September 23, 2017 at 12:01 am

SUBIC BAY FREEPORT—With lower rates, faster turnaround time, and 15 piers and wharves to choose from, the Subic Bay Freeport is angling to be the port of choice for shippers and port users in Northern and Central Luzon today.

Atty. Wilma T. Eisma, administrator and chief executive officer of the Subic Bay Metropolitan Authority, said during the Northern Luzon Investors’ Conference at the Makati Shangri-La Hotel last Thursday that Subic provides the best solution in terms of the ease and cost of doing shipping and related maritime business.

Eisma told business leaders and prospective investors in the region that along with its strategic location, the country’s premier free port provides 10 built-in advantages “that could spell the difference for players in the shipping business.”

Subic’s plus factors for successful shipping operations are faster turnaround time, absence of red tape, short processing time, absence of congestion, absence of traffic, immediate docking upon vessel arrival, no truck ban, lower port tariff, higher efficiency, and ISO-quality service, Eisma said.

To start with, the Subic Freeport has a total of 15 piers and wharves that can support the transshipment of a wide range of cargoes. 

Eisma said the two wharves in Subic’s former Ship Repair Facility are ideal for passenger ships, as well as military vessels because they are located near the Central Business District, while the two other piers further inside the facility would be ideal for repair and boat services.

The two jetties at the former Naval Supply Depot are perfect for break-bulk cargoes and shipments bound for Subic’s industrial parks and manufacturing centers in Central and Northern Luzon, while the three docks at the Boton Logistics Center would best be suited for petroleum products, she added.

Those at Cubi Point, Eisma said, could accommodate containerized cargo, as well as grains and fertilizer, while the single landings at Nabasan, Camayan and Grande could be used for specialized purposes, including tourism.

Eisma also pointed out that Subic is already the port of choice for Hanjin, the fourth largest shipbuilder in the world; China’s Jovo Group, which operates the country’s first ship-to-ship transfer of liquefied petroleum gas; and Subic Bay Int’l Terminal Corp., an affiliate of the International Container Terminal Services Inc., one of the five major maritime terminal operators in the world.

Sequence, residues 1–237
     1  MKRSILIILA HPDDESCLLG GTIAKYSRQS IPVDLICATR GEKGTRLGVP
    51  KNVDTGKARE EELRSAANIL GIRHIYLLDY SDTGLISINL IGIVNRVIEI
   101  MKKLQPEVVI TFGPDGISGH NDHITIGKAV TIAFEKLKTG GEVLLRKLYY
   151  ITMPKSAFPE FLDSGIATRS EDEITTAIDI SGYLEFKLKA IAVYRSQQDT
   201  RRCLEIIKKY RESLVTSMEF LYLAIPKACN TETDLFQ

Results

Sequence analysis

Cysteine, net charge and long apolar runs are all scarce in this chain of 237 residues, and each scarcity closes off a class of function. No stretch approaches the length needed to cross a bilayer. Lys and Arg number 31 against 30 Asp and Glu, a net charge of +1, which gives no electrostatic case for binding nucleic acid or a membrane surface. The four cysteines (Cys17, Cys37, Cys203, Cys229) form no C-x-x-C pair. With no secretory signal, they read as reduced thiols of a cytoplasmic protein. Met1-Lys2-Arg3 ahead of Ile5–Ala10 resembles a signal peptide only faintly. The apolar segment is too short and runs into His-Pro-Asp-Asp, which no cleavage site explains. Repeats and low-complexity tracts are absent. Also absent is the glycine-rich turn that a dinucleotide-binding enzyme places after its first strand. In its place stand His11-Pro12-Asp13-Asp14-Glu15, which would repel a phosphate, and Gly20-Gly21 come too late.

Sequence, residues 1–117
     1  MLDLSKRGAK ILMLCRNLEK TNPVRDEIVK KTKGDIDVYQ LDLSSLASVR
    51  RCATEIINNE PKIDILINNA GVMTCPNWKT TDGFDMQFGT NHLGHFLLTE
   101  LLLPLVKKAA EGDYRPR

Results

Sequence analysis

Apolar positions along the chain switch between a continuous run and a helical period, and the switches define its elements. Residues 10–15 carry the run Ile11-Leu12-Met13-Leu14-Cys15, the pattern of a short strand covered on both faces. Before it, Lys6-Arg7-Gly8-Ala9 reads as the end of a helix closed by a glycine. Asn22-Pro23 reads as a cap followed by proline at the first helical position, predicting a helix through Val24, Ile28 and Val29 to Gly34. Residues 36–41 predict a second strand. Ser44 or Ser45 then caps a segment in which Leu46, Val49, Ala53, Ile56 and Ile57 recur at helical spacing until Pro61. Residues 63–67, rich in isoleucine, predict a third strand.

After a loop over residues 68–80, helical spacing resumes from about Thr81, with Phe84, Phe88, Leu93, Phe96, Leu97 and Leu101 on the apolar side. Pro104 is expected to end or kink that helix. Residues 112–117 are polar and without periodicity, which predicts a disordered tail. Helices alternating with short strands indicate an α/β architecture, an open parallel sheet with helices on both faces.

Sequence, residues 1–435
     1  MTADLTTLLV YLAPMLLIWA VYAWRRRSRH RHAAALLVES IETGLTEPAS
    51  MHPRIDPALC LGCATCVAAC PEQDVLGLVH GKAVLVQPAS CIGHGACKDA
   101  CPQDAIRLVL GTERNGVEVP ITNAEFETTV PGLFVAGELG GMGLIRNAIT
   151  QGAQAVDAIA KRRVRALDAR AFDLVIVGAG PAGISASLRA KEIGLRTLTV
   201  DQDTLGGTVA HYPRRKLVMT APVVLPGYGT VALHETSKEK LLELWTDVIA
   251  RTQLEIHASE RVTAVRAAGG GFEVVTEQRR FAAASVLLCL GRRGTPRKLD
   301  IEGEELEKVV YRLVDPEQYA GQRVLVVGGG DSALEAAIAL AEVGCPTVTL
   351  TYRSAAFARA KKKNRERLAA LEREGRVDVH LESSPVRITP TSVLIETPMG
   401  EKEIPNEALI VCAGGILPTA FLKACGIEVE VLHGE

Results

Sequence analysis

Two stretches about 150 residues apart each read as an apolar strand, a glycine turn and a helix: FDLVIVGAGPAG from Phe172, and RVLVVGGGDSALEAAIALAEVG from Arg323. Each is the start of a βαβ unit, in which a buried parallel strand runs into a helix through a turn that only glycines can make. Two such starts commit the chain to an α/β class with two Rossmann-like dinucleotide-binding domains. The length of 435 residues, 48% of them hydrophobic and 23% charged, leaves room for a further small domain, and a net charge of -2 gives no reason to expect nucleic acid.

“We have also attracted nine container shipping lines that now connect Subic Bay to major commercial centers in the United States, Europe, Middle East, and Southeast Asia, and this is because we have some of the lowest rates in stevedoring and arrastre, as well as export, import and transshipment fees,” Eisma said.

She cited as an example Subic’s stevedoring charges for a loaded 40-footer container that is only $94.33, while that for Manila goes for $137.87 excluding VAT, or a difference of $43.54 or 31.58 percent.

Subic’s arrastre rates for the import of a 40-footer container is just P4,787.05, while that for Manila is pegged at P9,235.00 excluding VAT, or a difference of P4,447.95 (48.16 percent).

As a center for maritime operations, Subic also offers key port services like cargo handling, pilot and tugboat services, ship chandelling, bunkering and tendering, ship agents, onboard repair, cargo survey, underwater survey, and vessel lay-up and line handling, Eisma said.

It likewise provides facilities for fuel storage and handling, grains storage, maritime training, ship repair, warehousing, and vessel lay-up.

Eisma also said that because the Port of Subic is uniquely accessible by sea, land and air, more and more manufacturers and export producers, as well as importers in Luzon are shipping through this free port.

Among the top exporters using the Port of Subic now are Yokohama Tires Phils., which is located at the Clark Freeport; Juken Sangyo (Subic), Petron Freeport Corp. (Bataan), HLD Clark Steel (Clark), Tong Lung Phil Metal Industry (Subic), Johnson Control-Hitachi (Subic), Limech Manufacturing and Trading (Subic), Orica Phils. Inc. (Bataan and Subic), Hitachi Terminal Mechatronics (Subic), and Philip Morris Int’l (Subic).

The top 10 importers through the Port of Subic are Foton Motors Phils (Subic), Yokohama Tires Phils (Clark), TIPCO (Pampanga), Nestle Phils (Bulacan), San Miguel Brewery (Pampanga), United Auctioneers Inc. (Subic), Tong Lung Phil Metal Industry (Subic), Masinloc Power Plant (Subic), HHIC-Phils Inc. (Subic), and Transam Waste and Rags (Clark).

In the same occasion, Transportation Secretary Arthur Tugade spoke on the government’s “Build, Build, Build” program for Subic and Clark, while Bases Conversion and Development Authority President Vivencio Dizon discussed the proposed Clark Green City, among other speakers.

Roberto Locsin, SBITC president and general manager, talked about Subic Port and how it facilitates trade for Northern Luzon shippers.

(c) Butch Gunio



September 19, 2017

SUBIC BAY FREEPORT—A new company has taken over the operations of Lyceum of Subic Bay Inc. (LSBI), allowing the debt-ridden firm to pay more than P31 million in overdue rentals and other arrears to the Subic Bay Metropolitan Authority (SBMA) and to honor its development commitments for its two campuses here.

SBMA Administrator and CEO Wilma T. Eisma said the SBMA, through a board resolution, has approved the reassignment of LSBI’s leasehold rights to Premium Technical Training and Facilities Inc. (PTTFI), which assumed the financial and developmental obligations of the original lessee.

The PTTFI is 30-percent owned by LSBI.

“As far as we can see, this is a win-win solution to a problem that has been hounding the SBMA since October 2015, when it pre-terminated the contract of Global Daeil, over the Cubi property,” Eisma said.

Eisma added the SBMA repossessed the property in January last year and later awarded it to Lyceum, which had the best business model.